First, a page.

2004 Brower Youth Award Winners: Swimming Against The Tide

Meghan Casserly
September 22, 2004

“We can’t get caught in this vicious cycle of being apathetic because they view us as apathetic,” says 21-yr-old Christina Wong. “Our voice counts,” she adds, “it just needs to be cultivated.” Wong should know. She spent her junior year at UC Berkeley organizing and overseeing a team of student volunteers that traveled throughout western swing states informing student voters about the presidential candidates’ environmental policies.

Wong’s initiative, the Environment Victory Project, which kicked off in January, 2004, included students from a number of California universities including UC Davis, UC Santa Cruz, Cal State Sacramento, The University of San Francisco, and Wong’s own UC Berkeley. Considering the number of students she has affected, it’s surprising to hear that her core group started with only four students and two additional volunteers. Today there are 20 young people working in conjunction with the Berkeley National League of Conservation Voters, a nonpartisan watchdog organization that ranks congress members on their environmental procedures. Wong is confident that her efforts have impacted the youth voter block in the swing states her group has focused on. “I think it’s important for young people to have access to this kind of information,” she says, adding, that President Bush is the first president ever to receive an “F” for his environmental practices and policies.

Wong is just one of this year’s Brower Youth Award recipients, but when she says things like, “I’m a true believer that one person can make a difference,” she might as well be speaking for all six of this year’s winners. The Brower Youth Award is the nation’s most prestigious award for young environmental activists. Sponsored by the Earth Island Institute of Berkeley, California, the Brower includes a cash prize of $3,000 that the institute stresses is not a scholarship but a reward for the students’ hard work, as well as a three-day Wilderness Encounter. The group will also be present at an awards ceremony at the end of September in San Francisco, California, where they will have the opportunity to hobnob with politically conscious celebrities like Michael Franti and Julia Butterfly Hill.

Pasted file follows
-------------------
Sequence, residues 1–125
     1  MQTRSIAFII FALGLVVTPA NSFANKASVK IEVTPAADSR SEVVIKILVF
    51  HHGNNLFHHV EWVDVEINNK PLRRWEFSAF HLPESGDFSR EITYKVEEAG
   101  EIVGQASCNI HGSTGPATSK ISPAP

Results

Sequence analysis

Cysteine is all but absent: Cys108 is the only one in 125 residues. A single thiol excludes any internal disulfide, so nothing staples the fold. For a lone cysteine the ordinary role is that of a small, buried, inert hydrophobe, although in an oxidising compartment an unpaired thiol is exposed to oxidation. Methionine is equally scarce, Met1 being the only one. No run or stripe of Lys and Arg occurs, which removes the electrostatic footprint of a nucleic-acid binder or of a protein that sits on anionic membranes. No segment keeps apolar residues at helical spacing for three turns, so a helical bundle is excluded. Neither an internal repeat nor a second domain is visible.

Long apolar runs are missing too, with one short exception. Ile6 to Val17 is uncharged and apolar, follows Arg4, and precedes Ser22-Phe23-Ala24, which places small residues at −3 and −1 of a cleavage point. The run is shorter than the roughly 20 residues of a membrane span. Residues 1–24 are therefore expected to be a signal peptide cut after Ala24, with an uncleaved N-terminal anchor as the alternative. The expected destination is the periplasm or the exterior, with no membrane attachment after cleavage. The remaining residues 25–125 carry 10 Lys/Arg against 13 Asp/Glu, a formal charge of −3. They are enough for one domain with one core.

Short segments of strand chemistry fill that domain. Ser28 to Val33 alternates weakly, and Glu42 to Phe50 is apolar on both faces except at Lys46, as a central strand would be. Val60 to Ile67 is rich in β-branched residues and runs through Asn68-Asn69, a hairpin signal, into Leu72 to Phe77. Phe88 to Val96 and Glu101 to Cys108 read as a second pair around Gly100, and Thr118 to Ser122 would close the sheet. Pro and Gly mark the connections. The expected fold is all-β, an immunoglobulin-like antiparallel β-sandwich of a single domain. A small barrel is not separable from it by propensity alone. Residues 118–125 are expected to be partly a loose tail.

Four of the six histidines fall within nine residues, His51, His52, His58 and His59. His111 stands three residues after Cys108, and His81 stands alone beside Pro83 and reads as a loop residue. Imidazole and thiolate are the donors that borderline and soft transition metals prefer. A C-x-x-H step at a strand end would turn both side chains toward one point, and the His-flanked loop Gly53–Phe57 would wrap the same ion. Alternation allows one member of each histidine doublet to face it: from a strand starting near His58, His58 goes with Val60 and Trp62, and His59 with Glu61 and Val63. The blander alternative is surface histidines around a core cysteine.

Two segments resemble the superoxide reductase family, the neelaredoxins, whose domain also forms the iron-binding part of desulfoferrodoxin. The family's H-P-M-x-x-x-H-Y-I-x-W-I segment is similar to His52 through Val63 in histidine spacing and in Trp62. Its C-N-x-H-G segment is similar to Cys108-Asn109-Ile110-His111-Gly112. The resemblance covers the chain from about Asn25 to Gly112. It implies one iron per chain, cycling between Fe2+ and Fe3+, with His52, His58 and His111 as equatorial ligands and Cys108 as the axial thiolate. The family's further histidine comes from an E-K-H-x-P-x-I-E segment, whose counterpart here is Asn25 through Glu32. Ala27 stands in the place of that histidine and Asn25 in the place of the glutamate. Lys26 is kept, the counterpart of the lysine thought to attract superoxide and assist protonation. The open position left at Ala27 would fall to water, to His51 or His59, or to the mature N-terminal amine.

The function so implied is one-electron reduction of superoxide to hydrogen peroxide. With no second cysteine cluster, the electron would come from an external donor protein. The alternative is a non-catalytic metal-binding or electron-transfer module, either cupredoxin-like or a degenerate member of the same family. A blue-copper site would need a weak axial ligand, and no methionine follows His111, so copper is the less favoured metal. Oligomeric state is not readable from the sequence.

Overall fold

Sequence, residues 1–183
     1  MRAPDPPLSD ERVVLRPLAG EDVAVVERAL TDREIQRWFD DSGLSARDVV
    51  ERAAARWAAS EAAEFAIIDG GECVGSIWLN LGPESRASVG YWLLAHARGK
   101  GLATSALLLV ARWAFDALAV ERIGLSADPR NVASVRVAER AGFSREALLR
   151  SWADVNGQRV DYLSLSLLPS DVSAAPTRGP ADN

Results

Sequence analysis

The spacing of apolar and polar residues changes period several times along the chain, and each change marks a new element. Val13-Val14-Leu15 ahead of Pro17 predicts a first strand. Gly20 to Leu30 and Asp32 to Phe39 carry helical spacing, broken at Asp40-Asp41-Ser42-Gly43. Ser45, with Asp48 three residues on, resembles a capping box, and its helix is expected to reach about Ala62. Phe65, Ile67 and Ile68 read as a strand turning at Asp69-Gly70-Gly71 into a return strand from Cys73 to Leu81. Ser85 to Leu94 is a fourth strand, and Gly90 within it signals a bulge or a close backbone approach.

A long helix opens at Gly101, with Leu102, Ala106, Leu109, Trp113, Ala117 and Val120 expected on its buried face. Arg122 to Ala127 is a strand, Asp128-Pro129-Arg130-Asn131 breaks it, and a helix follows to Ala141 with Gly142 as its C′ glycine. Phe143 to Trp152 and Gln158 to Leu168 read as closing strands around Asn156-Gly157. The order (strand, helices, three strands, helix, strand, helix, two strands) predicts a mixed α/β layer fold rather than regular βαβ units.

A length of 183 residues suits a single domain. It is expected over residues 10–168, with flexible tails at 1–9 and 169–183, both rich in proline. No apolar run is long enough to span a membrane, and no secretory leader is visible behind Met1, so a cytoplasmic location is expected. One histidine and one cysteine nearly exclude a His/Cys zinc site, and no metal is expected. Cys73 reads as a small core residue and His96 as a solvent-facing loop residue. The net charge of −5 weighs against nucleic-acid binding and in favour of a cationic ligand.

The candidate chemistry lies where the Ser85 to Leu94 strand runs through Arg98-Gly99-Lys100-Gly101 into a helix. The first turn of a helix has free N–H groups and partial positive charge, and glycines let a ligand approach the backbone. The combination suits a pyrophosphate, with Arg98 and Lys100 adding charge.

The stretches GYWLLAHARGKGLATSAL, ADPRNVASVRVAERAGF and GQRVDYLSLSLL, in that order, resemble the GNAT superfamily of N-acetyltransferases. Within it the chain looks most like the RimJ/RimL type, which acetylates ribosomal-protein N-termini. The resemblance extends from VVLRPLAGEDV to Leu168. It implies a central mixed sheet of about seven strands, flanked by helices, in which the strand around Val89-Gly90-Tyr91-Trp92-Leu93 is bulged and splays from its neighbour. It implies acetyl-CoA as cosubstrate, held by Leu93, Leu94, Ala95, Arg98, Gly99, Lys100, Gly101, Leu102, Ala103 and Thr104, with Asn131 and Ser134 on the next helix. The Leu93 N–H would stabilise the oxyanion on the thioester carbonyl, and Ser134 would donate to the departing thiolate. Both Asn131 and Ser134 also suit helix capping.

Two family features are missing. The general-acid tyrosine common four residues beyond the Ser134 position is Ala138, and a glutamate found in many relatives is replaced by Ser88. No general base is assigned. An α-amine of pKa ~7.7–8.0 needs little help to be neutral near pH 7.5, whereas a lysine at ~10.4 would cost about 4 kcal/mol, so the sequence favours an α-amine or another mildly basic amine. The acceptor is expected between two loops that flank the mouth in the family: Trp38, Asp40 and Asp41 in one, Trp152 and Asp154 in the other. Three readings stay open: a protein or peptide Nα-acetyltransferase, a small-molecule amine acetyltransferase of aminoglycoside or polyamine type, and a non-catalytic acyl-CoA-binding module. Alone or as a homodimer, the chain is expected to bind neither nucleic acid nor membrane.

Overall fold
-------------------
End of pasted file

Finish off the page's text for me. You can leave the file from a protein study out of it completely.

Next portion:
Competition is for the award is stiff, and the awards are determined by an application process, meaning the recipients have to be both self-selecting and hardworking. This year’s winners range from 16-year-old Lily Dong, who fought to protect Pasadena’s ancient Arroyo Seco, one of the last remaining undeveloped areas in the Los Angeles region, to Shadia Wood of Newport, NY, who spent nine years lobbying to restore the Superfund in her state. Each winner was inspired to work for the environment for the past year and through their passion and conviction have inspired hundreds of other young people to make change. And while some, like Wong, are approaching the elections head one, others have been working on hot-button environmental issues that many voters will be keeping in mind come November.

Mikhail Davis, the Brower Legacy Field Director at the Earth Island Institute, says he sees a definite connection between the work these winners are doing and the future of environmental work. He also points out, however, that many of their projects speak to the environmental challenges of the moment. “A lot of attention is being paid to issues that have been raised regarding the Bush Administration,” says Davis. “We have a winner focusing on preventing Global Warming, which Bush has refused to touch, we have Shadia Wood working on Superfund, which his administration has cut funding from, and we have Lily Dong who was working on a local open space issue. The Bush administration is the first administration in decades not to create a National Park.”
Davis believes that these activists are important to reward because they are “swimming against the tide,” not just in relation to the current administration, but Congress, as well. “The positive side of having such a negative administration [on environmental issues],” he adds, “is it has really motivated young people to respond.”